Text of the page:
Nature vs. nurture: How we use social media

How do you interact with social media? Are you that person who provides friends with a constant stream of photos, articles and witty quips on your profile? Maybe you’re a more passive user, dropping the occasional “like” or comment here and there. Maybe, unlike an estimated 2.8 billion people worldwide, you don’t even use social media.

However you may use the World Wide Web to communicate with others, it may not really be up to you. At least, not up to a certain point.

Kent State University professor Chance York concluded that an individual’s genes influence the frequency of their social media usage, after comparing surveys between sets of fraternal and identical twins.

York found that twins tended to use social media in similar ways. Most notable was the strong correlation between identical twins.

“I would speculate that there’s probably a gene or set of genes that influence things like extraversion and introversion and sociability, and that probably then impacts whether you’re seeking out social or other media to fulfill certain needs,” York said. “There’s not a specific gene that tells you how to use social media, but genes do indirectly influence traits that might, in turn, impact media selection and behavior.”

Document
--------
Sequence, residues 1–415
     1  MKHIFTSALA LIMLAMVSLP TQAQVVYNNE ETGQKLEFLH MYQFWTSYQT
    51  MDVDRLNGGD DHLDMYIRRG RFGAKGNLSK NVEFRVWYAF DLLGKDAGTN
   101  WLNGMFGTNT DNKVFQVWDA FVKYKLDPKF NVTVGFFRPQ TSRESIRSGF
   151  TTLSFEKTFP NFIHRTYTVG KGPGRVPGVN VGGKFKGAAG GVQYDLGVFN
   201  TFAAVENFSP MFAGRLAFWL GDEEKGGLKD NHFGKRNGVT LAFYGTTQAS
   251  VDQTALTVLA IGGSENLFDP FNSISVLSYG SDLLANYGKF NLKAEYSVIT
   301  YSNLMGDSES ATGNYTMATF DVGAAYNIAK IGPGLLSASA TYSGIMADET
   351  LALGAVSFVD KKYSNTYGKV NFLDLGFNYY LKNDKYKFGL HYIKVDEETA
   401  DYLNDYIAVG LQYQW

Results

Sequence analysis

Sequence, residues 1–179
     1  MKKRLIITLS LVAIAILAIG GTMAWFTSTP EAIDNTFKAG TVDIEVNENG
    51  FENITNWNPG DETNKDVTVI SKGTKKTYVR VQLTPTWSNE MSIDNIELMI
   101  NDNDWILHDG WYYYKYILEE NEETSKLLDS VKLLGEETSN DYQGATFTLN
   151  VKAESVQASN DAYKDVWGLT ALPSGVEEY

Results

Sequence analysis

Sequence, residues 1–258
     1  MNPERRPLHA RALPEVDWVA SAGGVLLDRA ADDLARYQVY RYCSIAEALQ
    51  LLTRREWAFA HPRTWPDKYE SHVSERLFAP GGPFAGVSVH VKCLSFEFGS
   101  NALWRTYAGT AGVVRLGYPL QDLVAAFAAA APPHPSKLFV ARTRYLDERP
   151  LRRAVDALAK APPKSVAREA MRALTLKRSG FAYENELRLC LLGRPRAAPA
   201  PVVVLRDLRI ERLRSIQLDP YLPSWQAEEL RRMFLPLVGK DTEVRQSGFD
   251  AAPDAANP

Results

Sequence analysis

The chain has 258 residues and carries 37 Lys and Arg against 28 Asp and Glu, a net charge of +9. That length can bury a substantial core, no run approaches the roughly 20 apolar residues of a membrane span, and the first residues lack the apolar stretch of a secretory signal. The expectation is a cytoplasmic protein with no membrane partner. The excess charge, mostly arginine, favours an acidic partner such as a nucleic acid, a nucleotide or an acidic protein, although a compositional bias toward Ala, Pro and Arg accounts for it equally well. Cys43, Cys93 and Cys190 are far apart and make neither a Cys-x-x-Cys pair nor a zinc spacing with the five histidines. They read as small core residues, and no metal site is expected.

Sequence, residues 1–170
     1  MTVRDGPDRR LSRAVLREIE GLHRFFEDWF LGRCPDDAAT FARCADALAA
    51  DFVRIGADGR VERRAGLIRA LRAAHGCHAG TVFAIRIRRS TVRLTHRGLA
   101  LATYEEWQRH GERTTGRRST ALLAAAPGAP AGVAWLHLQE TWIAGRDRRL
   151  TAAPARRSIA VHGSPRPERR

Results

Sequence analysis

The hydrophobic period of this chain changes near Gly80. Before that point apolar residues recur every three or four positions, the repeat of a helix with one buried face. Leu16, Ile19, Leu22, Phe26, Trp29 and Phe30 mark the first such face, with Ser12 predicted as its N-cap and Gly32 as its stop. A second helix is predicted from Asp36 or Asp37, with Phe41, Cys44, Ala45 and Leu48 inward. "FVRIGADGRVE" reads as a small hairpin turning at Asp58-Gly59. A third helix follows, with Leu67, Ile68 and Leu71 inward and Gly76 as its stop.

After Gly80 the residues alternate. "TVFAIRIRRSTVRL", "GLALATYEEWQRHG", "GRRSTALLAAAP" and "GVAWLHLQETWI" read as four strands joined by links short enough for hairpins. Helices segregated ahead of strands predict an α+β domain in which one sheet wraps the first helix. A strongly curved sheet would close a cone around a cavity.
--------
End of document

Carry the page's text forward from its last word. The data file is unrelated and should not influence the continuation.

York suggests that up to two-thirds of social media usage can be pinned back to genetic traits. The rest is likely motivated by things going on in the world around a person, such as their access to technology and the way the people around them influence their attitudes.

To reach his conclusions, York used an analytical model called Defries-Fulker Regression to look at twin data, according to the International Communication Association. He also outlines plans to use the model to investigate more twin data in the future, and plans to attend the Twins Day Festival in Twinsburg, Ohio this summer to continue his research.

York will present more on his findings at the 67th Annual Conference of the International Communication Association later this month.

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